Rishabh Pant hits century as South Africa fight back in third Test
14 January, 2022
South African Dean Elgar jumps to catch a rebound off Kyle Verreynne, during their third Test against India in Cape Town on Thursday.
CAPE TOWN: South Africa look like favourites to beat India in the series decider as they were 101-2 in 212-run chase which saw skipper Dean Elgar dismissed off the final over amidst DRS drama here on Thursday. In-fact the skipper was earlier adjudged not out which infuriated a number of Indian players including Virat Kohli. The reason being complete domination from South Africa until this point. The Proteas were acing the 212 run chase with the stand between Keegan Petersen and Elgar taking the game away from India. The duo had shared a 78-run stand before Ravi Ashwin trapped him in front, or he thought so. As the DRS found him not out, all hell broke loose.
Soon after Ashwin rushed to the stumps and said: “You should find better ways to win, Supersport.” Kohli, who was at the other end, took a leaf out of Ashwin and walked at the other end, and said: “Focus on your team as well when they shine the ball eh, not just the opposition. Trying to catch people all the time.” However, India managed to remove Elgar for 30 when he edged Bumrah straight to Rishabh Pant.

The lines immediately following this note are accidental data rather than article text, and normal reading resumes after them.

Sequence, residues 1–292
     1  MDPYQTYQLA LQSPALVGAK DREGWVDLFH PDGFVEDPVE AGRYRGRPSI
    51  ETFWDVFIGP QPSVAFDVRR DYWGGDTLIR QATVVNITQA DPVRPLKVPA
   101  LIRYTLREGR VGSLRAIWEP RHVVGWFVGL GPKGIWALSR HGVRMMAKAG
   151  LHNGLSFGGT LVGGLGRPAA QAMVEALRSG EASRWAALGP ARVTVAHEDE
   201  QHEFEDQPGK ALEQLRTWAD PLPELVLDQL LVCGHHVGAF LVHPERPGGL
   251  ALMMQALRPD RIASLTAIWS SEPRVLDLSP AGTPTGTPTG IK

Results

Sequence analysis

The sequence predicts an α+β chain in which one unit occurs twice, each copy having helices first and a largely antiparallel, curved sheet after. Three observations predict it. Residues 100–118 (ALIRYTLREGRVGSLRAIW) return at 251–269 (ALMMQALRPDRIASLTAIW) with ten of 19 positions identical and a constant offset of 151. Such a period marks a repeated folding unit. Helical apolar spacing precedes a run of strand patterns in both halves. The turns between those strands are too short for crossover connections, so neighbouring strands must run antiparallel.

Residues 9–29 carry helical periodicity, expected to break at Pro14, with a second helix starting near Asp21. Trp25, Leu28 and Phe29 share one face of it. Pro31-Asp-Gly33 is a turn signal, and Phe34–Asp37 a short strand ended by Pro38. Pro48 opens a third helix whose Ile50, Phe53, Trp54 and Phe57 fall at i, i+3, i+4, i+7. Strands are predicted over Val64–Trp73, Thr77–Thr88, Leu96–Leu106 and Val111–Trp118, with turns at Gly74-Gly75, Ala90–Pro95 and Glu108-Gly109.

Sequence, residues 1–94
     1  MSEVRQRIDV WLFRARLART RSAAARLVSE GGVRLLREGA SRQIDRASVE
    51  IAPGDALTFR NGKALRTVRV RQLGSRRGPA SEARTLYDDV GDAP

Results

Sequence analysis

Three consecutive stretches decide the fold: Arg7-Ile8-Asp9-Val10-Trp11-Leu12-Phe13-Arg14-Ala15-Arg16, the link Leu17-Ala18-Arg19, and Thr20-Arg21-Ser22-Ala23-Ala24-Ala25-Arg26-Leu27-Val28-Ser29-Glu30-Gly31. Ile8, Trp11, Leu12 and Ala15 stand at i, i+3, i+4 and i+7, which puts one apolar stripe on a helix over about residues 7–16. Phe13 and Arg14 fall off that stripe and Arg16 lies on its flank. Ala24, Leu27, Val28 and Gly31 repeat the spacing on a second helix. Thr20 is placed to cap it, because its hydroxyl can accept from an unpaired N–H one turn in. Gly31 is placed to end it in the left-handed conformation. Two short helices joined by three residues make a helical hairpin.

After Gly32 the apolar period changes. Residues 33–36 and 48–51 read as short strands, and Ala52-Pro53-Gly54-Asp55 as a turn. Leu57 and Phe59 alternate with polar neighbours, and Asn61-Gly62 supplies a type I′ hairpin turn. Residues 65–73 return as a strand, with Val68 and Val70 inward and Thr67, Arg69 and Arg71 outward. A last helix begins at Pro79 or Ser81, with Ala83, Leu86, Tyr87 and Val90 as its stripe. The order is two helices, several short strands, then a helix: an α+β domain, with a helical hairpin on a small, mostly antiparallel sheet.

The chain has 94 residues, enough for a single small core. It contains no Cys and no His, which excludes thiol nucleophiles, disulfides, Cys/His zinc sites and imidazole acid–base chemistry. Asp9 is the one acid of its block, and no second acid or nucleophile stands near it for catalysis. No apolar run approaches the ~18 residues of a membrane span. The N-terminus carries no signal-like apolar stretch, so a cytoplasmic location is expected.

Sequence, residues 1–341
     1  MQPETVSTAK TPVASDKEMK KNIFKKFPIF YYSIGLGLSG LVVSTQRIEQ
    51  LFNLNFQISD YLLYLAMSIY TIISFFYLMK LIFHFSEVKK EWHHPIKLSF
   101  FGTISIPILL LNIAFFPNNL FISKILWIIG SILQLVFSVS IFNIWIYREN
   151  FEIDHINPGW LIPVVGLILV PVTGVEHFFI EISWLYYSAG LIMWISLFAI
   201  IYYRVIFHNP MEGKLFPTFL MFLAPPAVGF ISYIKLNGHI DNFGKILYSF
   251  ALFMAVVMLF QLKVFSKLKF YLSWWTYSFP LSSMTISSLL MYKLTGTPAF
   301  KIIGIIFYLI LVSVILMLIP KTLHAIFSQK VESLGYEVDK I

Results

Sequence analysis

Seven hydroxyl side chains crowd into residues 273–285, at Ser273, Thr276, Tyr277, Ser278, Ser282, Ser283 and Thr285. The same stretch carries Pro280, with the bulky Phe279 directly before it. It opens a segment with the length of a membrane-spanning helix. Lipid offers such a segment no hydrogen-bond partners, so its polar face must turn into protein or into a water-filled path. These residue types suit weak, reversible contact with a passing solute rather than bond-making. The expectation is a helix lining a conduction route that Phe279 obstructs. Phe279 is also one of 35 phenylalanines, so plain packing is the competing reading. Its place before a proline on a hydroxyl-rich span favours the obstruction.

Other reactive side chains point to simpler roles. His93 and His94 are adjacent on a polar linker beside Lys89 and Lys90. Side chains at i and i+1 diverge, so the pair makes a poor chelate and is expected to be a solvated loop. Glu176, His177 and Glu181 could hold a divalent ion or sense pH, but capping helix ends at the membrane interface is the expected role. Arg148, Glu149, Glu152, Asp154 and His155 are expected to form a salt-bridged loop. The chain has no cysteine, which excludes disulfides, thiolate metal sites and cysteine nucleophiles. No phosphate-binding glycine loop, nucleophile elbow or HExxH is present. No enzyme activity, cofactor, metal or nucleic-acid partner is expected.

Earlier Rishabh Pant scored one of his finest hundreds in the most adverse of circumstances but another shoddy batting show left India with only 211 runs to defend on the third day of the third and final cricket Test against South Africa, here Thursday. Pant’s (100 not out off 139 balls) fourth Test hundred constituted for more than 50 percent of India’s second innings total of 198 with Virat Kohli’s 29 off 143 balls being the second-highest individual score. The umpires called for tea break at the fall of the final Indian wicket in the extended second session. This was the first Test match in 145-year-history where all 20 batters of one team were caught.
The day belonged to Pant as he scored a hundred which is as good as one would ever see and what stood out was his shot selection, which was immaculate. He didn’t do anything that was ‘un-Pant’ like as there was a rasping square cut off a rising one from Kagiso Rabada (3/53). There was the audacious down the track cover drive off Duanne Olivier and that six over long-on off Keshav Maharaj came just an over before lunch. These are all shots that one associates with the dashing keeper-batter but what was exemplary was his use of discretion as to what kind of deliveries he would attack.